ECE 461 – Software Engineering
February 1 & 3 Sessions
Basic Game Theory and AI Search
“Game theory is to games of strategy what probability theory is to games of chance.”
– Two-Person Game Theory
, Anatol Rapoport, 1966
Formal Definition of a Game
A game has at least two players.
Example: Solitaire is not considered a game by game theory.
An instance of a game begins with a player choosing from a set of specified (by the game rules) alternatives. This
choice is called a move.
After the first move is made, the new situation determines which player is to make the next move and the
alternatives available to that player.
Example: In many two-player board games, the player making the next move is simply the other player.
Example: In many multi-player card games, the player making the next move depends on who dealt, who
took the last trick, won the last hand, etc.
The moves made by a player may or may not become known to the other players. Games in which all the moves
of all players are known to everyone are called games of perfect information.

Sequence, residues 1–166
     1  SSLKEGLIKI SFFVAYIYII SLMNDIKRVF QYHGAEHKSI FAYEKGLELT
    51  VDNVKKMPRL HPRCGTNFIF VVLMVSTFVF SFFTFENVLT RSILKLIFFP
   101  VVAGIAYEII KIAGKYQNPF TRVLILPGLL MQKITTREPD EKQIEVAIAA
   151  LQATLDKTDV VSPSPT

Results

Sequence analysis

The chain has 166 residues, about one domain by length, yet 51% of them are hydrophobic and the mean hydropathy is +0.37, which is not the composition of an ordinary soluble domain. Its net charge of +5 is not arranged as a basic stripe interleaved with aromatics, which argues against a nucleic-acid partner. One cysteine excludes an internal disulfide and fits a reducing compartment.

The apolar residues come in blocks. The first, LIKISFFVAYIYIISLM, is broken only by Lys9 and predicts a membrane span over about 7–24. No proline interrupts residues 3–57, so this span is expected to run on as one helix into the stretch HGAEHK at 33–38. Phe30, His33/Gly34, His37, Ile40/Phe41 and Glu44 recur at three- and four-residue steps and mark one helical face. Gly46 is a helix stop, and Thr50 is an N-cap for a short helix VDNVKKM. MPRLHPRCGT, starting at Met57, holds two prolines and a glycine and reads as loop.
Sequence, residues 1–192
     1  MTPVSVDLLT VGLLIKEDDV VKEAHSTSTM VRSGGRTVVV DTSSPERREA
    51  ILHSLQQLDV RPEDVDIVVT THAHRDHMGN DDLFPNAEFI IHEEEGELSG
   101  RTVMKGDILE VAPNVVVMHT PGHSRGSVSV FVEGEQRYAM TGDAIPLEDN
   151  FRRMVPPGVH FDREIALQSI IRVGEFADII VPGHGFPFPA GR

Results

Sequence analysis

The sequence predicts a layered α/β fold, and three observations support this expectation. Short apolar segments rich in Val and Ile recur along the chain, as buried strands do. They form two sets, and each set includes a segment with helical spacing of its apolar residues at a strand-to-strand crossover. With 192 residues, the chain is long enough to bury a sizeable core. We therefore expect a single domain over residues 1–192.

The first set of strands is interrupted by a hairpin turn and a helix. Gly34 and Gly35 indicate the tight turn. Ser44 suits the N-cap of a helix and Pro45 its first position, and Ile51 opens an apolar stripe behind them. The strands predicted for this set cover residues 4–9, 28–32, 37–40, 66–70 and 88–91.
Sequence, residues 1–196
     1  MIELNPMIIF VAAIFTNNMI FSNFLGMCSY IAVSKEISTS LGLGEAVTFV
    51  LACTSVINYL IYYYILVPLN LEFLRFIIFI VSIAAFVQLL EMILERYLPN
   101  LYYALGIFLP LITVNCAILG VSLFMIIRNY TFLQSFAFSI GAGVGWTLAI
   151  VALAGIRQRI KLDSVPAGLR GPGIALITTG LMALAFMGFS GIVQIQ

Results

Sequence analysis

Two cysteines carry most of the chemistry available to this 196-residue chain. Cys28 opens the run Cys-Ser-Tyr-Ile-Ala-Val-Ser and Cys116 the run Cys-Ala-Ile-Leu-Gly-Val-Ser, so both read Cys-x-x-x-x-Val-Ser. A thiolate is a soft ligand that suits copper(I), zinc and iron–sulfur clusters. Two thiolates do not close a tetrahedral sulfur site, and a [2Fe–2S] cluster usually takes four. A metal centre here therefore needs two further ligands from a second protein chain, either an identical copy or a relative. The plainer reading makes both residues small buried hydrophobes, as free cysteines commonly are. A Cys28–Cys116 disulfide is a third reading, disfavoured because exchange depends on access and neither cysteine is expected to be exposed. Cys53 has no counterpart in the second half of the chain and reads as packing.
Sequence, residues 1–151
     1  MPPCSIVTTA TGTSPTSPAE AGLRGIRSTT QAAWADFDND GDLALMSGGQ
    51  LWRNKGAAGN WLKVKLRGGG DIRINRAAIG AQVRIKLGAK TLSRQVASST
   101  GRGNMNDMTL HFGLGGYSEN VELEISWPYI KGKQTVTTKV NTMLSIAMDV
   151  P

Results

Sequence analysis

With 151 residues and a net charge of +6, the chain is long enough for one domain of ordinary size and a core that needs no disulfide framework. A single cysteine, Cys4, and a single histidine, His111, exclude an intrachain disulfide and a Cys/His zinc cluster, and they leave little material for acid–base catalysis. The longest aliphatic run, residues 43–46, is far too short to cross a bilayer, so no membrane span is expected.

Example: Most board games are games of perfect information.
Example: Most card games are not games of perfect information.
Every instance of the game must end.
When an instance of a game ends, each player receives a payoff. A payoff is a value associated with each player's
final situation. A zero-sum game is one in which the elements of the payoff matrix sum to zero.
Example: In chess, win = 1 point, draw = ½ point, loss = 0 points.
Example: In a typical zero-sum game, win = 1 point, draw = 0 points, loss = -1 points.
Introduction to Evaluation Functions
Nine Men's Morris is a game of perfect information, but a player does not know, in general, what move their
opponent will make in response to their move; there are few situations where only one move is possible. Thus, a
player must consider several possible futures. An AI player uses a tree data structure to examine the future. The
vertices of the tree represent board positions, with